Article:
2. Jesus directly attacked the morals of the Pharisees in the same chapter: Matthew 23:23 Woe to you, scribes and Pharisees, you hypocrites! You pay tithes of mint, dill, and cumin, but you have disregarded the weightier matters of the law: justice, mercy, and faithfulness. You should have practiced the latter, without neglecting the former. 24 You blind guides! You strain out a gnat but swallow a camel. … 28 “In the same way, on the outside you appear to be righteous, but on the inside you are full of hypocrisy and wickedness. “
  3. Jesus explicitly said they will be excluded from the kingdom of heaven: Matthew 23:13 Woe to you, scribes and Pharisees, you hypocrites! You shut the kingdom of heaven in men’s faces. You yourselves do not enter, nor will you let in those who wish to enter. Jesus explicitly rebuked the Pharisees for their hypocrisy seven times in that chapter. Jesus defined hypocrisy at the very beginning of Matthew Chapter 23: “they do not practice what they preach”.

As an aside, to the reader, not to Facebook: (The first day that I noticed how Facebook’s community standards on “hate speech” would ban Jesus Christ, and I mean all three of their Tiers would ban Jesus, I thought how odd that Facebook would have somehow insulated themselves from Conservative and Christian voices so well that they don’t even know that their standards would ban Jesus. As if they don’t even have one single Christian or Theologian on staff to help guide them? Also, I’ve known Atheists who know the text of the Bible better than they seem to. They must be in quite a bubble of their own making.)

(The next day, I began to wonder, perhaps it’s not a coincidence or outcome of their liberal bias at all. Perhaps it’s deliberate? But what kind of influence then, does this suggest that they would they be under? I can think of two or three possibilities, but it’s pointless to speculate. Very peculiar. The big point, and it’s big enough, is that their “community standards” require a ban on Jesus, but also require not banning Jesus!)

I guess I can’t really be too upset that Facebook gets this wrong. I’ve been banned from countless religious forums for quoting the Bible. People really just get upset when you tell them they are wrong. That’s human nature.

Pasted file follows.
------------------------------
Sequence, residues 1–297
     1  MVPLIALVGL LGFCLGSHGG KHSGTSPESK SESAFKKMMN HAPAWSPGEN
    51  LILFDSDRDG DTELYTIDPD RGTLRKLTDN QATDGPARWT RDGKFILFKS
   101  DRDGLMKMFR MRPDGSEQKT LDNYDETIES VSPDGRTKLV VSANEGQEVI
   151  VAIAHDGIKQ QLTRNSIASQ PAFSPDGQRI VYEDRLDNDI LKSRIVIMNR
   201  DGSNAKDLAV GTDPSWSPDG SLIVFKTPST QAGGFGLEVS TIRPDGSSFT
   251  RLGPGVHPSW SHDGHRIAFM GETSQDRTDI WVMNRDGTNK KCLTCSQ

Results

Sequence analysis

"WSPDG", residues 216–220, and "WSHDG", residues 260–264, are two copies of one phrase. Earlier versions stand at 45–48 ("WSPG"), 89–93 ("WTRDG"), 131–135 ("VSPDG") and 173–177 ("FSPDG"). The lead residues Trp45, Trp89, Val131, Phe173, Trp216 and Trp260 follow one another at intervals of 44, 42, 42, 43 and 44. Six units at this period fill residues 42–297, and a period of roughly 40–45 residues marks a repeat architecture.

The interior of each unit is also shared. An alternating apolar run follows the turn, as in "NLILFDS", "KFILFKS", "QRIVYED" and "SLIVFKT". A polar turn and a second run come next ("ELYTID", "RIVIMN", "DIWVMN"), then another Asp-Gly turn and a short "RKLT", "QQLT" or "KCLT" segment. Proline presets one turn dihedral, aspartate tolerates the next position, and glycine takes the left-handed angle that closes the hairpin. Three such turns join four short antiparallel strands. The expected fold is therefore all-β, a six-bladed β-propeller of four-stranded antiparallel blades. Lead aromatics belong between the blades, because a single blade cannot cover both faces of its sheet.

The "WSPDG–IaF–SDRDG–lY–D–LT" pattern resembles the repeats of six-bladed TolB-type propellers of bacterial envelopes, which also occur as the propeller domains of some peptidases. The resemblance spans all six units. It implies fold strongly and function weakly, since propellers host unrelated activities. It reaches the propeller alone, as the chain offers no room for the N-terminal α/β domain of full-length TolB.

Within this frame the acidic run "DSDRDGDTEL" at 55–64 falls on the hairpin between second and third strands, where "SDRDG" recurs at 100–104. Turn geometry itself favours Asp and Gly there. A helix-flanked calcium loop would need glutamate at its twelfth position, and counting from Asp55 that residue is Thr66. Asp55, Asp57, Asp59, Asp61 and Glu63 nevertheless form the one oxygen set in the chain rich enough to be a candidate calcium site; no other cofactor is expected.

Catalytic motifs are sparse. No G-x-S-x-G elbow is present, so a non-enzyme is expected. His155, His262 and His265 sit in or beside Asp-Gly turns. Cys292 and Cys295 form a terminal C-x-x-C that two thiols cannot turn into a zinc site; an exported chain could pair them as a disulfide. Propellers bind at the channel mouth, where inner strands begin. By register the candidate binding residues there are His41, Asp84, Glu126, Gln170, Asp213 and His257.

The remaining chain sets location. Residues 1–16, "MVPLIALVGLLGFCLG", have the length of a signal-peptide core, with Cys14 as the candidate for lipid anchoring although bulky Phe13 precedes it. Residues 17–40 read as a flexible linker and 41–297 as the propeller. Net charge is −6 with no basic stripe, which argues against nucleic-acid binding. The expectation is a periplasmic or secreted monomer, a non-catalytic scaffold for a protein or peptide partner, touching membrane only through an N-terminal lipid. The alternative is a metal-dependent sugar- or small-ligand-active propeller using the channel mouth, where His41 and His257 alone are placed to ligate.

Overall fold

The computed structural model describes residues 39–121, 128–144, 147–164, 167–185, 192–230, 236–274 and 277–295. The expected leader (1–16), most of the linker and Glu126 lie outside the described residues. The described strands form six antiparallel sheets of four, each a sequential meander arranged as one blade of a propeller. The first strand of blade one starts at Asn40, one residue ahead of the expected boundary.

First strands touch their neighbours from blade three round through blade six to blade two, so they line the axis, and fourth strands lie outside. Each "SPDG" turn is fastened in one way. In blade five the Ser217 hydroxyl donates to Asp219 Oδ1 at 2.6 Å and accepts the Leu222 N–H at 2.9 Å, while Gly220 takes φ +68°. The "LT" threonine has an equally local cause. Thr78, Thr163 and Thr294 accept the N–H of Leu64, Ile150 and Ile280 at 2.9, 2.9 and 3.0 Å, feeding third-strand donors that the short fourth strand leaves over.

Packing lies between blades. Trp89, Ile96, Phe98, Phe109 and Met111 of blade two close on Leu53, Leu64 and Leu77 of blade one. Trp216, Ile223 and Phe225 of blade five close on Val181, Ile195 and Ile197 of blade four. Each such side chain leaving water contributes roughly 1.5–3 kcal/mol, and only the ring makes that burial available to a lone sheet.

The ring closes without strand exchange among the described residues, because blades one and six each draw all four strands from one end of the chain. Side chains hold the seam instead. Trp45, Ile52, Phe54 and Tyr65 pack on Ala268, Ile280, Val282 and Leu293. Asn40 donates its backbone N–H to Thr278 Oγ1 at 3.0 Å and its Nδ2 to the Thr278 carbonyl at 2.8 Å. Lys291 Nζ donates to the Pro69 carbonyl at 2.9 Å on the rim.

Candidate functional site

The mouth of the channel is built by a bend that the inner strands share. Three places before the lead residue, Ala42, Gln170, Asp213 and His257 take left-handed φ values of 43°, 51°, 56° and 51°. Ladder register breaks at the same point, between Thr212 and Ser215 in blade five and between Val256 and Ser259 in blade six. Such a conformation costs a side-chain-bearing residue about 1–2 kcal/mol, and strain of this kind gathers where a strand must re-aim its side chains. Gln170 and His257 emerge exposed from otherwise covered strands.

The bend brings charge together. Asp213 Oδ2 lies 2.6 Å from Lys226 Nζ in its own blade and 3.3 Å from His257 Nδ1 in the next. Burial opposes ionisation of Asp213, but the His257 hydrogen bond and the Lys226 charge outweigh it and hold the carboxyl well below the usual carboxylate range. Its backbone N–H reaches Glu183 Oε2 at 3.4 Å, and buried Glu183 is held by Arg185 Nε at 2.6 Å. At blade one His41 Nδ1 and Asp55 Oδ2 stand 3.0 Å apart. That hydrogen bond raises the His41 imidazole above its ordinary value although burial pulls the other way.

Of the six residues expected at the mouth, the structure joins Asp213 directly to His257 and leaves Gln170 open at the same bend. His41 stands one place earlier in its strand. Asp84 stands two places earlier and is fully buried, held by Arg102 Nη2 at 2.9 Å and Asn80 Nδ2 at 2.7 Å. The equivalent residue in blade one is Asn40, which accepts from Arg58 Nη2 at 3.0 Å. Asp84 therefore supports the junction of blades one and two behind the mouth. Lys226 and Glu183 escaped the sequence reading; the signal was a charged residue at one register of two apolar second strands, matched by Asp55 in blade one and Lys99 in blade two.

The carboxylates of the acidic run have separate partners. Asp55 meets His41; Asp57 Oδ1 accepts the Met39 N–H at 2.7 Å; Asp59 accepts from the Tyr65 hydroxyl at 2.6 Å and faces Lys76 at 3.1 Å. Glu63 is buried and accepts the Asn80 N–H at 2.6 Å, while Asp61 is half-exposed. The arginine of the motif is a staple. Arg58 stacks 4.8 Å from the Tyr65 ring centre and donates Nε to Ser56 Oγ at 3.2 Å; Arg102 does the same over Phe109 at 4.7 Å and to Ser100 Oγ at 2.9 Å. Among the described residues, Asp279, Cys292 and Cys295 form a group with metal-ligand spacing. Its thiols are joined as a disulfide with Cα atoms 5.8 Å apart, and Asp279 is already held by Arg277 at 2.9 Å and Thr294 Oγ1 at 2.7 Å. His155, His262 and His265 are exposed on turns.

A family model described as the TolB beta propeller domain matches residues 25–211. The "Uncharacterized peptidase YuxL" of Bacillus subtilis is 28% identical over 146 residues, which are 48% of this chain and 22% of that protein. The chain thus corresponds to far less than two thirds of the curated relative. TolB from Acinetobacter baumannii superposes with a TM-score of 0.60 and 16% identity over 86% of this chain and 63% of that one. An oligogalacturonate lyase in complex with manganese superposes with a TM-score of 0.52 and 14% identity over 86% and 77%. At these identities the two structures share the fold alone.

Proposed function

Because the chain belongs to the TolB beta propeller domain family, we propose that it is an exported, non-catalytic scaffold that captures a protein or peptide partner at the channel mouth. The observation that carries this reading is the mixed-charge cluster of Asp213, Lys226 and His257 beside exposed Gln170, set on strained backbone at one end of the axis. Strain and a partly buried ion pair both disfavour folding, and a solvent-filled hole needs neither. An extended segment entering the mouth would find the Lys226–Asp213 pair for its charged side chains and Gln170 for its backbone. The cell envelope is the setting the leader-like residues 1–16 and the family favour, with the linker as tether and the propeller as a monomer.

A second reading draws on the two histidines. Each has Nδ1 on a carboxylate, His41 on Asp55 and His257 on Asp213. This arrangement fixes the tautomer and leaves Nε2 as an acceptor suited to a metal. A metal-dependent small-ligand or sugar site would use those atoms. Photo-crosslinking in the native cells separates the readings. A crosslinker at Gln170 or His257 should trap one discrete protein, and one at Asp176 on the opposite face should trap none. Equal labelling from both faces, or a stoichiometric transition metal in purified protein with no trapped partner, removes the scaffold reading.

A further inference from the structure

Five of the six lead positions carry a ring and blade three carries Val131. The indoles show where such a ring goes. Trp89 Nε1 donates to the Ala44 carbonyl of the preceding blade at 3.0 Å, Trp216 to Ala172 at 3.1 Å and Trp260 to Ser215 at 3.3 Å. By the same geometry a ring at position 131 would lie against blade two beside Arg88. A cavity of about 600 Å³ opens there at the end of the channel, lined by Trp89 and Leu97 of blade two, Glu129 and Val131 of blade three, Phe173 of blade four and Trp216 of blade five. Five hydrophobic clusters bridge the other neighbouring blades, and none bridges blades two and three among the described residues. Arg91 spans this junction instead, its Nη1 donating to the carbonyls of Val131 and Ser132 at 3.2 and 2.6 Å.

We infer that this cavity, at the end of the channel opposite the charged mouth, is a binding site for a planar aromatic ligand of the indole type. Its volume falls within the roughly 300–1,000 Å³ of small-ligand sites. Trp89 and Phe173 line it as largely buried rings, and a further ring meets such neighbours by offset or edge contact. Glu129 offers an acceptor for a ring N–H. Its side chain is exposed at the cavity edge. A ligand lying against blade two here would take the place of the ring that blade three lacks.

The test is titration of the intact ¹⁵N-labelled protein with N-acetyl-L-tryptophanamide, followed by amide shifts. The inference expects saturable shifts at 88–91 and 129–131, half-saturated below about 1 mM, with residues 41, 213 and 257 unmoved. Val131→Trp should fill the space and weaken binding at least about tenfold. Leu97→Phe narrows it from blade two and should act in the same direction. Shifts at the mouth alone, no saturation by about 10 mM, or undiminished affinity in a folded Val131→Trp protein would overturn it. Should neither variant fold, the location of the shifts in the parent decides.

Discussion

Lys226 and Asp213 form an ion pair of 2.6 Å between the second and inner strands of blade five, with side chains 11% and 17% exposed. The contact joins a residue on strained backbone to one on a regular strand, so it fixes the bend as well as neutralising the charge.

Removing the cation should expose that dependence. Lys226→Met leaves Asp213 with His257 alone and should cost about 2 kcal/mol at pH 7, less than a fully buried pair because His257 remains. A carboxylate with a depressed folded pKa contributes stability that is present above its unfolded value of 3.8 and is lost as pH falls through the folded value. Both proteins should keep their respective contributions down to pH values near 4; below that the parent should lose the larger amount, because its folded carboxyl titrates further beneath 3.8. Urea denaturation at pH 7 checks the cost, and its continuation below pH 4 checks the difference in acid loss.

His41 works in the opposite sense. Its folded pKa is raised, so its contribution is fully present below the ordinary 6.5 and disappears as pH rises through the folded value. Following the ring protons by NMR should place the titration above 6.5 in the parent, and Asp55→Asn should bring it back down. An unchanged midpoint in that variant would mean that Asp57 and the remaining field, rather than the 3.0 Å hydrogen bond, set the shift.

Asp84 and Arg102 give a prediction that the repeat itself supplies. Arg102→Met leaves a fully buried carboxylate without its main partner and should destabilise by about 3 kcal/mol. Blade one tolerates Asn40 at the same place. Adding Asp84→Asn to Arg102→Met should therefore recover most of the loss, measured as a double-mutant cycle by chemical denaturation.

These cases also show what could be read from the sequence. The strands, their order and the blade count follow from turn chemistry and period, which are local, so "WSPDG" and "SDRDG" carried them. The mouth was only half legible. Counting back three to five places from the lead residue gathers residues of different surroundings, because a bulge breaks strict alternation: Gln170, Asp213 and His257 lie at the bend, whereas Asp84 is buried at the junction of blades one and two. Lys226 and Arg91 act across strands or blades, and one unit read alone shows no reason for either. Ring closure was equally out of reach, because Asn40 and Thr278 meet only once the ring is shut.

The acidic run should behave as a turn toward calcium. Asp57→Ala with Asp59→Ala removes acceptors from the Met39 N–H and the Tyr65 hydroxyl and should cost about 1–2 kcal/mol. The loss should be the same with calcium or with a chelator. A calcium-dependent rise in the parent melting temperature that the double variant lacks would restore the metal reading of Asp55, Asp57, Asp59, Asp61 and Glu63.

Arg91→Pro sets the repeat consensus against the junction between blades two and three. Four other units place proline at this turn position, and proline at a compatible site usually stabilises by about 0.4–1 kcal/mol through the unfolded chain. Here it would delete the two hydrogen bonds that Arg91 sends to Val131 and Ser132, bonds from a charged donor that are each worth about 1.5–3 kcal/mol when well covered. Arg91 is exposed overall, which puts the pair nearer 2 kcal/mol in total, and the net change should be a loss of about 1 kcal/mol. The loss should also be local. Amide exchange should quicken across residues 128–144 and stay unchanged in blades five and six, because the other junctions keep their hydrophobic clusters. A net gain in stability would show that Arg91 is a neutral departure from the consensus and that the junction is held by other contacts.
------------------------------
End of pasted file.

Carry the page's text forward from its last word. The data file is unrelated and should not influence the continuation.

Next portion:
Note my rebukes to Facebook often touch on this very concept. In banning people, you are not practicing what you preach, because banning people is the very practice of exclusion. In other words, if someone else hints at “excluding people”, you take that as a call to action to do worse, and actually exclude them with a ban. That is hypocrisy. That means you don’t follow what you preach, and you don’t obey your own value system. And this exposes your own value system as seriously flawed, and inherently contradictory, and self-condemnatory, and is a form of “self harm”; one that I’m trying to save you from.

I find your “community guidelines” of “no statements of moral inferiority” to be particularly egregious. That means shockingly bad, which, yes, is a value judgement that I’m expressing, which directly violates your policy. But your entire list of things you don’t like is your own value judgement just the same. Don’t you see the hypocrisy? You say making value judgments is bad, but you make value judgments in the process of saying that.

I seriously think a large part of the problem here is that you have taken modern 15 year old Facebook liberal media values to an extreme, without considering core values expressed over 2000 years ago, which you claim should be “protected”, but you don’t protect them, or even seem to know them.

The entire point of literally any debate is to showcase which arguments, or perhaps even which religious beliefs, are less valid than other arguments. Or less moral. Or less intelligent. The right conclusion of any argument, such as “wow, can you see how we have exposed the stupidity, or flaw, or inherent contradiction of this point” should not be the subject of banning, but rather, should be celebrated, as getting there is the entire point.